A question I left unanswered a bit is : how acceptable is making 10 or 11 mistakes in a game? At first sight I would say it is too much for professional referees like we have in the EPL. But the average is what it is so maybe it is not possible to do better with the games being played at high pace? Maybe a ref can do better on a good day but he will have bad days. And then we come back to the fact that there are only 16 EPL refs in the pool they can pick them from. And the fact that fatigue will creep in the game.

So the chance that the number of 10-11 will rise during the season is very likely. But now I am moving away from the facts we have until now and I am starting to tell what might happen in the future. So I better stop before the refs in the EPL make a fool of my prediction. Now that would be a great thing to happen.

11 comments to Which ref makes the wrong calls?

  • Walter I would disagree that 10 or 11 is acceptable. People lose their jobs because of what happens on the pitch – and this suggests that employment as a player or a manager is at the mercy of a system that is riddled with errors.

    The fact is that the technology is there to improve the system, but that official bodies do not use it. Whatever the cause what we have is hardly good enough.

    It is also a reason why one might be suspicious about corruption in football. It is much easier to hide a corrupt decision among 10 mistakes, than among 2.

  • Stuart

    I would tend to agree with Tony, 10 or 11 mistakes does seem pretty high, particularly if they were 10 or 11 clear goal scoring opportunities. Imagine 10 penalties not given to Arsenal when playing Man Utd.

    I would be more inclined to look at a perentage of wrong mistakes to take into account how busy the game was.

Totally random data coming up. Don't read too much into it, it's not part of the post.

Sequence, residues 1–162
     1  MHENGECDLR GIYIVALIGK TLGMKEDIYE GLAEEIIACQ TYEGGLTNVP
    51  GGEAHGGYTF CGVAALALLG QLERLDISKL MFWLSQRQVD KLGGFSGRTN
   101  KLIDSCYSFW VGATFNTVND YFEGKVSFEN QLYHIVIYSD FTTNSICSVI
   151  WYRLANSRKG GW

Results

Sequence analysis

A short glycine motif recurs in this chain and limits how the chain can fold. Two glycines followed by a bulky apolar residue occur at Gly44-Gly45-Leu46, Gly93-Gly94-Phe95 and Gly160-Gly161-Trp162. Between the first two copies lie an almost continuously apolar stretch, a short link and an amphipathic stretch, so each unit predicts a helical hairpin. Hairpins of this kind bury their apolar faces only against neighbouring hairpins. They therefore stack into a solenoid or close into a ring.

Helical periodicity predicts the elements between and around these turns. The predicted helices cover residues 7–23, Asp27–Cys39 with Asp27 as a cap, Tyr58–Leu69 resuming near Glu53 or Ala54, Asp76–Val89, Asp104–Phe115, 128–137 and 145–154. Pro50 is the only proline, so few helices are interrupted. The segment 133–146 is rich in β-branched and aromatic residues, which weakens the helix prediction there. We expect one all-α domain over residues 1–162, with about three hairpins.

• Gord

    I can’t find all the data that Walter used, and a couple of my totals are different too. But, just looking at the referees for which more than 1 game has been observed, I get that the average number of bad calls per game is 9, and an estimate of the standard deviation of that number is around 3 or 4. I am calculating standard deviations based on the range in wrong calls per game for each referee individually. And a person sort of has to ignore Webb, as the range for him is too small to be realistic (I see 12 in the Fulham and 10 in the Arsenal games, for a range of 2, which would mean a standard deviation of 1.4).

    Hence, around 2/3 of the time we should see between 6 and 12 wrong calls per game, and 19 times out of 20, the number of wrong calls should be between 3 and 15.

    I would say things are probably consistent on the few calls per game side of things, but to have 2 or 3 referees getting 15 or more calls wrong per game in 21 games looks suspicious.

    Before a person goes jumping into the technology argument, I think a person needs to find out what calls would be helped by technology, and how. For example, technology could help with offsides. But, I don’t believe the current definition of offside is sufficiently clear to allow technology to help. What does it mean for the attacker to be even with the second last defender? If the attacker raises his arm, so that his fingers are closer to the goal line, does that mean he is offside? Long hair on a windy day? Big feet (long shoes)? How about a long nose? Some of those suggestions are not serious, but the idea is to find a problem by looking at boundary conditions (even ridiculous ones).